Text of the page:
In practice, intermesh memory array 500 can be fabricated as a semiconductor memory device with any fabrication and/or manufacturing process known to those skilled in the art. Further, the voltage control lines, such as positive drive voltage line 524 (+V) and sense voltage line 526 (+VA), can be fabricated above semiconductor region 502 in device region 504 which includes the electrically resistive components. Forming the voltage control lines and the memory components offset from the semiconductor substrate conserves space on the semiconductor substrate so that intermesh memory array 500 is a smaller memory device that provides greater design flexibility and density for integrated circuit-based electronic devices.

The term “semiconductor substrate”, as used herein, includes semiconductive material and is not limited to bulk semiconductive material, such as a silicon wafer, either alone or in assemblies comprising other materials thereon, and semiconductive material layers, either alone or in assemblies comprising other materials. The term “substrate” refers to any supporting structure including but not limited to a semiconductor substrate which can be made of silicon, glass, gallium arsenide, silicon on sapphire (SOS), epitaxial formations, germanium, germanium silicon, diamond, silicon on insulator (SOI) material, selective implantation of oxygen (SIMOX) substrates, and/or like substrate materials. A substrate may also be made of plastic.

FIG. 6 illustrates an embodiment of an intermesh memory array 600 shown as a schematic section in a vertical perspective, and as a variation of the intermesh memory array 500 shown in FIG. 5. Intermesh memory array 600 also has a semiconductor region 602 and a device region 604. The device region 604 includes a first memory array 606 that includes the resistive memory components in rows 608, such as memory component 610 in row 608(1) and memory component 612 in row 608(2). The device region also includes a second memory array 614 that includes the resistive memory components in columns 616, such as memory component 618 in column 616(1) and memory component 620 in column 616(4).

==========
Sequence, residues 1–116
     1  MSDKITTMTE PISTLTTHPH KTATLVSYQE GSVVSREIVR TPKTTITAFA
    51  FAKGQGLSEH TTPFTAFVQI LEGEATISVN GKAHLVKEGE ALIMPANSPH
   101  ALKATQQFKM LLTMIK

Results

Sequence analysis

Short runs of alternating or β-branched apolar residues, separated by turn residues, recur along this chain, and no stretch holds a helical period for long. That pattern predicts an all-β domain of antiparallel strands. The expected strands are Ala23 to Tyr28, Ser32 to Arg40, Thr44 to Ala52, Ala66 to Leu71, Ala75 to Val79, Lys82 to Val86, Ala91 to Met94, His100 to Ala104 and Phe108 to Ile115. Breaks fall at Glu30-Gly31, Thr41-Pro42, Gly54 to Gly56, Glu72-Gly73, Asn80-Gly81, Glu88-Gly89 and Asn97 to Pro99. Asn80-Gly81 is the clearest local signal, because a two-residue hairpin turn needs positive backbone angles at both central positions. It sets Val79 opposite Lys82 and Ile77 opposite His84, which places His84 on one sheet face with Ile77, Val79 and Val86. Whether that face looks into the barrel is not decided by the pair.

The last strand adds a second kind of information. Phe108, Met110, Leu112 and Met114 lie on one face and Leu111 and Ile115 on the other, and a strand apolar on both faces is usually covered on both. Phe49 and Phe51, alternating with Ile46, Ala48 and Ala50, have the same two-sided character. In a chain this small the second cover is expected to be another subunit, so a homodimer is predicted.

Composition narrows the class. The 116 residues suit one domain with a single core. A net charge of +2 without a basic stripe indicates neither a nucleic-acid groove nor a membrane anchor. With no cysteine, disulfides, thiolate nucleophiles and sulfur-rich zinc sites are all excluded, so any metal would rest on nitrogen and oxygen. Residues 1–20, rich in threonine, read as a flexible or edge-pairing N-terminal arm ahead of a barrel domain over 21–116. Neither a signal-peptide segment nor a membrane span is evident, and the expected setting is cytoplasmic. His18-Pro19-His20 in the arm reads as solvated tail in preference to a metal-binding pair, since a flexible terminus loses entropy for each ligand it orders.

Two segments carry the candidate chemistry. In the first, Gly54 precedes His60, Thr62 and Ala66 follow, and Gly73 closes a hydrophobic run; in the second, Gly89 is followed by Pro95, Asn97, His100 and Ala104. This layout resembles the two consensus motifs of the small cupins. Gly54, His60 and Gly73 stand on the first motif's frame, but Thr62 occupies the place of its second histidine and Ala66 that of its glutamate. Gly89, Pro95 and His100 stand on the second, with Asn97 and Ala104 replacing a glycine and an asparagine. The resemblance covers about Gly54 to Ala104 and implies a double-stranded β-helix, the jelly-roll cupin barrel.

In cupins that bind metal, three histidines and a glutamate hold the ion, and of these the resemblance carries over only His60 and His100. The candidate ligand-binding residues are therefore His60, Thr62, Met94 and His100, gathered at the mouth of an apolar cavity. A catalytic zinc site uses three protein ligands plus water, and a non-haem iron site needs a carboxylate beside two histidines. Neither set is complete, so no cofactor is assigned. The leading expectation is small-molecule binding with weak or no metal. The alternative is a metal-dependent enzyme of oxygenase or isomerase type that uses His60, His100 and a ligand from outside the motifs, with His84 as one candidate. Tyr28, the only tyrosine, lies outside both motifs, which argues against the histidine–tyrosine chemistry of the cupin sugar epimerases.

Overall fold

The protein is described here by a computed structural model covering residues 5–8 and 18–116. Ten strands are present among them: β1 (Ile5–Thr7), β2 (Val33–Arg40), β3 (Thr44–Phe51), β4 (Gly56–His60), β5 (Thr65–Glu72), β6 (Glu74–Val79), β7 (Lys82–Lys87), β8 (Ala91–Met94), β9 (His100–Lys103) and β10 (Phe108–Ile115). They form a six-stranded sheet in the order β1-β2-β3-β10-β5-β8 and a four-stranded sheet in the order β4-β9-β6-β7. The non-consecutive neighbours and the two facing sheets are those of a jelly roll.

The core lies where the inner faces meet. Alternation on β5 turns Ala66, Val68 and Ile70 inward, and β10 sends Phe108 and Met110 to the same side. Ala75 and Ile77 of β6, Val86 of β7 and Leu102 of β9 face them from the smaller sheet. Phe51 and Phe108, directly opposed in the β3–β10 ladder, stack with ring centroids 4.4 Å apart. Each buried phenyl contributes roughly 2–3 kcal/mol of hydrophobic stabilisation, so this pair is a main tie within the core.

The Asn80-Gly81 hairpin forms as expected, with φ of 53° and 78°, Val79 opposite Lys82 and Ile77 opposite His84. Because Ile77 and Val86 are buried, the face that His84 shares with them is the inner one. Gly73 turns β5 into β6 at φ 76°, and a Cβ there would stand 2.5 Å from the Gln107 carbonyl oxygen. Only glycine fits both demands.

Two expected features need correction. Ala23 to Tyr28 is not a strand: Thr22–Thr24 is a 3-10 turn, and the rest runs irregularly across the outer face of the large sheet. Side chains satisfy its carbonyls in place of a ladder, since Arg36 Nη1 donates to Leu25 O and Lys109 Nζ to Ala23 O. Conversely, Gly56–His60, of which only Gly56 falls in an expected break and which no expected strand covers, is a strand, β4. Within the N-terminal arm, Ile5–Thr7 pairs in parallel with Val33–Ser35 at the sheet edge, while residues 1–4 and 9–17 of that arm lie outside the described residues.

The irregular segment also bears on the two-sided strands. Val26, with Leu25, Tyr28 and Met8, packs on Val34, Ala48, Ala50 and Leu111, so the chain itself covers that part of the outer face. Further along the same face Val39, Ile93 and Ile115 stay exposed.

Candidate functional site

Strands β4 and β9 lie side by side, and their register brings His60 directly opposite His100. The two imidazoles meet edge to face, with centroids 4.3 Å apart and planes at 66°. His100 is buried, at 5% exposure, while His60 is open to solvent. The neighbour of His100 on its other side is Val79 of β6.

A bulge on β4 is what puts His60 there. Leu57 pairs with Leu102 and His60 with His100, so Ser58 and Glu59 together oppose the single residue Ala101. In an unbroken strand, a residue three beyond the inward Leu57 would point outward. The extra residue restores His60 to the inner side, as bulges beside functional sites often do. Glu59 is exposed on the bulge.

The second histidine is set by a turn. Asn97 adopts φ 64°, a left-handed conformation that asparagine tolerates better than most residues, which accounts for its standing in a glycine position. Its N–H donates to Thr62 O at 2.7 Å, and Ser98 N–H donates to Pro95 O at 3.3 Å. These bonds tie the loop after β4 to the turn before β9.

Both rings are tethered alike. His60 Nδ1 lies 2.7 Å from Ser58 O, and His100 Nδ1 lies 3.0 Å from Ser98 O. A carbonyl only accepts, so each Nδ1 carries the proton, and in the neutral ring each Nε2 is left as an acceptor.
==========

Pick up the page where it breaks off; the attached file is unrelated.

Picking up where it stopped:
The first memory array 606 is offset 622 from the second memory array 614. Those skilled in the art will recognize that memory arrays 606 and 614 can be fabricated together or independently with any known semiconductor fabrication and/or manufacturing process. Further, the first set of memory components in rows 608 that form the first memory array 606 intersect, overlap, and/or are substantially perpendicular to the second set of memory components in columns 616 which form the second memory array 614. Those skilled in the art will recognize that although the sets of memory components are described and illustrated as perpendicular, or substantially perpendicular, in practice the memory components can be implemented in any one of many positions and configurations, to include memory components that are perpendicular on a horizontal plane, both vertical and horizontal on two planes, perpendicular on a vertical plane, and the like.

The semiconductor region 602 includes transistors, such as an n-channel FET 624 and a p-channel FET 626, which are fabricated in semiconductive material on a semiconductor substrate with any fabrication and/or manufacturing process known to those skilled in the art. Intermesh memory array 600 also includes electrically conductive vias, such as conductive via 628, which electrically couples a transistor to one or more of the resistive memory components. For example, electrically conductive via 628 couples a transistor 630 to resistive memory components 632 and 618. Memory component 632 is electrically coupled to both conductive vias 628 and 634. Similarly, memory component 618 is electrically coupled to both conductive vias 628 and 636.